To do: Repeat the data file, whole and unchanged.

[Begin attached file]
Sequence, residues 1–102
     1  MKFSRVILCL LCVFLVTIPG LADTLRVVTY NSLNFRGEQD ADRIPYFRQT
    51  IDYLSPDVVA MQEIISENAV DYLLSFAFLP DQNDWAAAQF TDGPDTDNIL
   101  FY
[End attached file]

Sequence, residues 1–102
     1  MKFSRVILCL LCVFLVTIPG LADTLRVVTY NSLNFRGEQD ADRIPYFRQT
    51  IDYLSPDVVA MQEIISENAV DYLLSFAFLP DQNDWAAAQF TDGPDTDNIL
   101  FY